Double jeopardy

By and

The undefeated U football team received an alarming message when the Bowl Championship Series rankings were announced Monday morning. The Utes fell from the coveted No. 6 slot in the BCS standings to No. 7, putting their chances of a BCS bowl berth in serious jeopardy.

After thoroughly pounding San Diego State last Saturday while several top-ranked teams struggled, the Utes found they would not be given the respect many locals believe they deserve. The Utes were displaced by Texas in the rankings. The Longhorns, however, came back from a 28-point deficit against Oklahoma State to secure victory.

The announcement that the Utes lost ground in spite of another decisive win was surprising to many fans, but the U football players took the message in stride. Senior linebacker Tommy Hackenbruck said that he expected the move by the BCS, and expressed confidence by year’s end that the U would receive the recognition they deserve.

“I’m not disappointed,” Hackenbruck said. “I figured we would be No. 7. That’s what people were projecting, so I wasn’t really surprised. I’m just excited for this week, excited to play Wyoming, and excited to see what happens around the nation.”

“I think things will work out,” he added.

U head coach Urban Meyer appeared frustrated by the BCS’ recent decision to drop the Utes to No.7, but would only say that he had “no reaction” to the announcement. He admitted his wife Shelley was angered by the news, but insisted it meant very little to him-a point he reiterated several times.

“I got the message from my wife [about the Utes’ BCS ranking]-she had a little reaction-and I won’t use the language that she used, but I had no reaction.”

Maintaining the game-to-game focus that the coaching staff has taken from the first game of the year, Meyer said that he will reserve any reaction for the final standings, rather than getting concerned about things that happen when there are several games remaining.

“In three weeks, we’ll have a reaction if we’re lucky enough to be anywhere near [the top six],” Meyer said. “But there’s a lot of football still left to be played.”

Meyer is right that there are still a lot of football games to be played, but the number of significant battles is dwindling by the week. This weekend, U fans will have their eyes on two games (other than the Utes’ game against Wyoming) that have make-or-break implications for the Utes’ chances of finishing the year in the top six in the BCS rankings.

The first important game is the Auburn-Georgia showdown. Georgia is currently ranked No. 8 by the BCS formula, and a win against Auburn (ranked No. 3 by the BCS) would cripple the U’s hopes of a BCS bowl berth. One might assume that an Auburn loss would be good for the U, but the reality is that a Georgia victory would allow the Bulldogs to leapfrog the Utes while only dropping the Tigers a couple of places. Basically, both teams would end up ahead of the U.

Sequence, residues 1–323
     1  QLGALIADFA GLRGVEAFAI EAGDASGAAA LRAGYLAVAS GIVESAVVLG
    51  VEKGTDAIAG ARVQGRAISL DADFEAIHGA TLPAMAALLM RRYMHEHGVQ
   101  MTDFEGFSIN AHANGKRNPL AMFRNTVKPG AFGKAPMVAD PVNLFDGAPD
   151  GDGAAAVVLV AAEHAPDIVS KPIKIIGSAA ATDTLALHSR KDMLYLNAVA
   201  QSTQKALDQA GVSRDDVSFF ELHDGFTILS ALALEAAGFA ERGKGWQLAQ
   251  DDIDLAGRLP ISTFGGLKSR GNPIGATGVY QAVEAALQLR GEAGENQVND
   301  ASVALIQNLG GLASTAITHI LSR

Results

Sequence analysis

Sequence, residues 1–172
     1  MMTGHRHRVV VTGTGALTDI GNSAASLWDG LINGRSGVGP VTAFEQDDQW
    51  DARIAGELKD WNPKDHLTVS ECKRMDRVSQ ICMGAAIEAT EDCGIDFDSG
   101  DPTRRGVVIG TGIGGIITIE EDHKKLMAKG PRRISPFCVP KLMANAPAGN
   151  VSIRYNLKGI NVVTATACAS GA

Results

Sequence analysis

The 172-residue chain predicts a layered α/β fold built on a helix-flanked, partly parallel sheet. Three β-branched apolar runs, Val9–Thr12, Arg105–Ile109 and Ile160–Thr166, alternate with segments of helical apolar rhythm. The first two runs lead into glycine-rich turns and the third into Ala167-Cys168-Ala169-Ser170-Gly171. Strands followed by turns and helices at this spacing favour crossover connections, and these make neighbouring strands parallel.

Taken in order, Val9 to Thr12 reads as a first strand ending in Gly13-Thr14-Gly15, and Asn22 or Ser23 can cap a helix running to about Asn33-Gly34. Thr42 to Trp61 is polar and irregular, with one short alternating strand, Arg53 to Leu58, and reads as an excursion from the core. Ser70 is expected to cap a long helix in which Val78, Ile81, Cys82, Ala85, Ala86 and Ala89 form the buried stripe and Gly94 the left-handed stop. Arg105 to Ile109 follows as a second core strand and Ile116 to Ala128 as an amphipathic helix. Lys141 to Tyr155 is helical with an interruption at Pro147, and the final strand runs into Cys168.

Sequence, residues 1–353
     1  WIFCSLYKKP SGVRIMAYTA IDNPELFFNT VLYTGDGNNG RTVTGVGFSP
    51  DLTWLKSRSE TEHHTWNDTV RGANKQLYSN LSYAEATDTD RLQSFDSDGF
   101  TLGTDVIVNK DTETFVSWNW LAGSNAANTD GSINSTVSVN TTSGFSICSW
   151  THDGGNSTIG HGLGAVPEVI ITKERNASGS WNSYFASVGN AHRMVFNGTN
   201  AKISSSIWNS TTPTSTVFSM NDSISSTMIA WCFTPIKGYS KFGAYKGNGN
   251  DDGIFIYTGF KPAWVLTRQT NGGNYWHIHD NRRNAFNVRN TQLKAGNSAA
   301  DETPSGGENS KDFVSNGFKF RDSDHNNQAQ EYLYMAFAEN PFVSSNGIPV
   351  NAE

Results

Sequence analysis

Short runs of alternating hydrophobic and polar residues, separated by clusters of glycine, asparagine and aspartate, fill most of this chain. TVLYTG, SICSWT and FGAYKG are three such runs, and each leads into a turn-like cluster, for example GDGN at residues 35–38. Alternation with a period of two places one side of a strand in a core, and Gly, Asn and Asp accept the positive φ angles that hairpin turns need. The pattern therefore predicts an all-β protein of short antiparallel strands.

The second meaningful game is the Michigan State-Wisconsin game. While this game is more of a long shot for the Spartans, a Badger loss would certainly put the Utes back in the BCS’s top six.

The important point is that, as of right now, just winning isn’t good enough to get the Utes into a BCS bowl. They will have to finish the season undefeated and have a series of other things go exactly right if they hope to finish with a BCS bowl berth.

Considering the convoluted nature of the selection process, Meyer acknowledged that changes would ultimately have to be made to the entire BCS system if every college football team was to be given the chance it deserves.

“There’s too much human element right now,” Meyer said. “It’s alarming, but I guess that’s part of the deal.”

“I have no idea how [the BCS] gets the numbers,” Meyer continued. “Comments were made to me before the season started that certain coaches in certain conferences vote for the teams from their conferences because that’s what they’re supposed to do. Commissioners tell them to vote for their teams. What is that?”

When asked if changes needed to be made to the BCS to make it fair for teams like the U, Meyer said, “Is the sky blue?”

Still, Meyer expressed an undying faith in the judgment of those in charge when he stated that he believed that a fair system would eventually be found.

“It will happen,” Meyer said. “Logical thinking will take over. At some point it will get adjusted.”

Until then, the Utes will be on the outside looking in, hoping for a miracle.

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